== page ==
Health problem? Just stop by the vending machine
(CNN) — From diapers to needles to bike helmets, vending machines have been rebuilt to go beyond breath mints and cold soda.
These automated dispensers have come a long way since their invention in the early 1800s. Although snacks and drinks remain the most common items you’ll find being dispensed, some are focusing on health, safety and medical items.
Here are a few you’ll find around the world.
Baby essentials, Long Island, New York
Even the most well-organized parents can’t plan for everything. WeGoBabies founder Vanessa Carrington found that out the hard way when her family got stuck in an airport and ran out of supplies.
Now, with a few taps on the LED screen and a credit card swipe, users of the machine she created can unlock access to items as small as a packet of baby formula or as big as a travel booster seat, all available 24/7. The first machine is scheduled to open in May at the Broadway Mall in Long Island, New York.
The creators of the high-tech machine hope to save parents some time by replacing off a frantic trip to a convenience store with a visit to a vending machine stocked with the essentials — before a baby meltdown.
Nursing supplies, Baltimore
For breastfeeding mothers, returning to work often means toting around a breast pump. The devices require tubes, valves, storage containers and a number of small pieces that can easily be forgotten.
A machine at Johns Hopkins Hospital in Baltimore aims to support these breastfeeding moms. Vending machines in the employee lactation room sell nursing pump accessories, storage bottles, breast pads, nipple cream and other supplies.
Cycling helmets, Melbourne, Australia
Whether for exercise or sightseeing, locals and tourists alike populate Aussie roads, but local law requires that all cyclists keep their craniums covered.
If you find yourself wanting to take a spin near Southern Cross Station in Melbourne but forget your gear, just look for the vending machine run by the local bike share. For $5, you can select your helmet size and get a new blue helmet.
Prescription medications, various locations
If you don’t want to run to the store or you just can’t make it to the pharmacy during business hours, InstyMeds machines might have you covered.
Although the machine does not support refrigerated medications, virtually any other prescription can be distributed. As it’s accessible 24 hours a day, seven days a week, the creators of the 1,500-pound secure automated pharmacy hope to provide a private and convenient option for patients to receive their medications.
After leaving a health care provider, consumers can use an identification number to receive their medication. The machine is linked to a secure electronic health database and monitored around the clock. The machines are in more than 200 locations in the US and abroad, including college campuses, emergency rooms, doctors offices, corporate and student wellness centers.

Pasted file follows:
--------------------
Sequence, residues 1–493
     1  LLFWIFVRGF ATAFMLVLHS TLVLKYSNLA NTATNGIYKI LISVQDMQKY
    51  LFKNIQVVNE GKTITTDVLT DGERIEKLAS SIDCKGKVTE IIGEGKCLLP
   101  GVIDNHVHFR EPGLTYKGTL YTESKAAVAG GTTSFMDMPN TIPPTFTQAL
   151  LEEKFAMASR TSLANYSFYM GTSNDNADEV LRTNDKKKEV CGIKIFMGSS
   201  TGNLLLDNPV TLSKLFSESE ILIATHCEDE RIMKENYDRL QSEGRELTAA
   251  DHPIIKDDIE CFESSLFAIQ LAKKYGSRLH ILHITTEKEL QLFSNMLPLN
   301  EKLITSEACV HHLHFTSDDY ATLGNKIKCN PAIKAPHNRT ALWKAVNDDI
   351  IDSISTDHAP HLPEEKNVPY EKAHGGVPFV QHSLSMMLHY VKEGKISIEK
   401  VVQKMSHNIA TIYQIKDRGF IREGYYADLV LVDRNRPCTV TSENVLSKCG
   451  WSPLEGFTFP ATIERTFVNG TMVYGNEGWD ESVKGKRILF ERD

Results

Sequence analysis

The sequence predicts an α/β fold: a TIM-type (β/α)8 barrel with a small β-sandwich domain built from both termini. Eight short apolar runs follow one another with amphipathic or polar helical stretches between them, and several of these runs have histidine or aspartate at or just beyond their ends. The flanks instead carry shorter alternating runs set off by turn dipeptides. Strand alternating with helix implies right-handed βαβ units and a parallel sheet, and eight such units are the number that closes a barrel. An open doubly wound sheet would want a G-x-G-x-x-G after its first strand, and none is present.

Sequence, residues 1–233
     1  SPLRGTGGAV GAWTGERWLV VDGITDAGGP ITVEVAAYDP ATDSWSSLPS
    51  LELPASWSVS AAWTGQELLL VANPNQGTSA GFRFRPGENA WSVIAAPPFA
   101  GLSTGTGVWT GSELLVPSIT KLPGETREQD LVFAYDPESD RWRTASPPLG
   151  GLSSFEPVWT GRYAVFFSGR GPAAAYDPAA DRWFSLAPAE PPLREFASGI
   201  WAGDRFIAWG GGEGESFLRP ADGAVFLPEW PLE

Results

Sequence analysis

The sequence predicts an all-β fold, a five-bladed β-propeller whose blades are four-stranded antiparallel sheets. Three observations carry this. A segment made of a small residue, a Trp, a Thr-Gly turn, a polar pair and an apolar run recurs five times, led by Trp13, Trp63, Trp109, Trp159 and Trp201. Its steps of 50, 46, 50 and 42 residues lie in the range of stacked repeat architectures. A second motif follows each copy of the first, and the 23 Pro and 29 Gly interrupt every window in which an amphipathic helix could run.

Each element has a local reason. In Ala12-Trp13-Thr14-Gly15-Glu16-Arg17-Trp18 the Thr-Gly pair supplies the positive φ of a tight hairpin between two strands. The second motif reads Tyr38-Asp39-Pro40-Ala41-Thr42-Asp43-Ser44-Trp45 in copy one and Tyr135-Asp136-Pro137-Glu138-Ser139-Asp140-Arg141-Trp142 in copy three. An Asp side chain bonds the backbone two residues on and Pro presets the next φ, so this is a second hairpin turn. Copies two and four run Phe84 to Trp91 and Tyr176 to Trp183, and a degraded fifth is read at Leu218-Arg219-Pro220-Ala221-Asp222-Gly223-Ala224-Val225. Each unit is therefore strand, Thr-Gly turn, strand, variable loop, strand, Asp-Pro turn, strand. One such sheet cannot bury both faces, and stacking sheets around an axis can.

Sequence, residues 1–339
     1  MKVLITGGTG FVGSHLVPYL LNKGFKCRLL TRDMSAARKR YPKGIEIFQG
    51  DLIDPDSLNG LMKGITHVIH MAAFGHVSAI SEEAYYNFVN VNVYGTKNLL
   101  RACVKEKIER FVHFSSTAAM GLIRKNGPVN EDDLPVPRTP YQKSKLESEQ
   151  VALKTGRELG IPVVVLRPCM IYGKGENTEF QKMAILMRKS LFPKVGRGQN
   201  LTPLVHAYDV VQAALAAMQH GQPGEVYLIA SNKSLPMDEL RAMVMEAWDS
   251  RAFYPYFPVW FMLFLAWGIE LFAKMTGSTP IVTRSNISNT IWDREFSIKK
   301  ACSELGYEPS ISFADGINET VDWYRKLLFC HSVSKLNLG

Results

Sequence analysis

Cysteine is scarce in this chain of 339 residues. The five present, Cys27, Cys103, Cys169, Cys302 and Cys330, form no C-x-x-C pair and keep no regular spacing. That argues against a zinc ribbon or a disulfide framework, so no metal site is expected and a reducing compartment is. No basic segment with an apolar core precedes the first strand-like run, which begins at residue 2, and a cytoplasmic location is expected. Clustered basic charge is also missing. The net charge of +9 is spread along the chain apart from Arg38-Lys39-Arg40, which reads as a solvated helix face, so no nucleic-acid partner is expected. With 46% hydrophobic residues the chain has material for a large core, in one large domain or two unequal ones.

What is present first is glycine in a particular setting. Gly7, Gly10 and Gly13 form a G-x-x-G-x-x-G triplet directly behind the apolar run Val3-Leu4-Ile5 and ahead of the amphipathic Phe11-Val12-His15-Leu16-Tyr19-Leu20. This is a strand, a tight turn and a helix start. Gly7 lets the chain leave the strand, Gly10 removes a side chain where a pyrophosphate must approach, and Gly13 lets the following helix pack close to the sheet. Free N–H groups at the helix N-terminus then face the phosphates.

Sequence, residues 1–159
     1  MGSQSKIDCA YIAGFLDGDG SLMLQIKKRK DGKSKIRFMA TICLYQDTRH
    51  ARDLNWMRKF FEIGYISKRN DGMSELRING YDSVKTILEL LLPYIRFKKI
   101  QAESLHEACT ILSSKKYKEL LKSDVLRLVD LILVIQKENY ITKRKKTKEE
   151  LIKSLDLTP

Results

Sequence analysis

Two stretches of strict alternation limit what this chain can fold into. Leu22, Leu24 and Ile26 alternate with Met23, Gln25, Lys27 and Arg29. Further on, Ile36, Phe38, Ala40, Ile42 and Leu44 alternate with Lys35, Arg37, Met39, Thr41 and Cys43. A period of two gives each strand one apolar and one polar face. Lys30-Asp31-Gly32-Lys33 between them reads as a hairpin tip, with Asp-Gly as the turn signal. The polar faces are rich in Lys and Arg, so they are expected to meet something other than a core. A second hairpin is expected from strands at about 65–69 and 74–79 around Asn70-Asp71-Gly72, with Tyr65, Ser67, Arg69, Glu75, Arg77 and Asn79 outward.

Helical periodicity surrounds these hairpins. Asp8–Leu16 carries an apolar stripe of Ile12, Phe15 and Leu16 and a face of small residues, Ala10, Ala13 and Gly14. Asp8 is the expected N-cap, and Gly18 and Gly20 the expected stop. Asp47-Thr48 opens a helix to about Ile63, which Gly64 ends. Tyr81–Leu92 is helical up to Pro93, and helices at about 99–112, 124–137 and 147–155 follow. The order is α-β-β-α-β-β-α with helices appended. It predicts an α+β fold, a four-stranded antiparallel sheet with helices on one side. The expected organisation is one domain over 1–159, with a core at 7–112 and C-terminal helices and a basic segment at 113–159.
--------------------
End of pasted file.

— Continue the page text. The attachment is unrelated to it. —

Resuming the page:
Condoms, tampons and more, University of California, Davis
On campus at the University of California, Davis, Activities and Recreation Center, students can find a vending machine that dispenses items such as condoms, tampons, pregnancy tests, Advil and the morning-after pill, or Plan B. It’s called the “Wellness To Go” Machine.
The machine’s debut came after students spent two years working with staff at the university’s student health and counseling center to make sexual health products readily available. Items are accessible whenever the building is open, from 5 a.m. to 1 a.m. The vending machine offers an additional option for supplies such as contraception, which are also available at the student health center.
Needle exchanges, Las Vegas
Harm-reduction advocates have turned to vending machines to make clean supplies readily available for people who use injectable drugs.
Needle exchanges are not aimed at reducing the number of users, but advocates hope that providing clean needles will reduce the spread of diseases, such as HIV and hepatitis C, that can be contracted when people share needles.
At the Community Counseling Center of Southern Nevada, clean needle kits including syringes, alcohol swabs, a tourniquet and a disposal container for used syringes are offered free of charge. The machine is in a drug treatment center, and those who wish to have access must first register with Trac-B Exchange to sign up. The process does not involve any notification of law enforcement or a requirement to enter treatment.
First-aid supplies, coming to theme parks
The machines are still in development, but soon, visitors to some Six Flags theme parks won’t have to look far for first-aid supplies after an accident. RecMed, a vending machine company started by middle-school student Taylor Rosenthal, will offer consumers a quick option.
Users can buy prepackaged first-aid kits for dealing with issues such as sunburns, cuts, blisters and bee stings, ranging in price from $5.99 to $15.95. Individual supplies like bandages, rubber gloves, hydrocortisone wipes and gauze pads are also for sale from $6 to $20.
Toilet paper, Mexico
In Mexico and many other countries, individually wrapped toilet paper rolls can be purchased at over 6,000 vending machine locations. Prices at the Mexican machines range from 20 to 100 pesos, or about $1 to $5.
Around the world, these machines, such as the Teggra dispenser, are popular enough that some ad agencies have put clients’ information on roll packaging. These two-ply tellers can be found at gas stations, bus terminals and shopping malls to help on those occasions when the stalls aren’t stocked.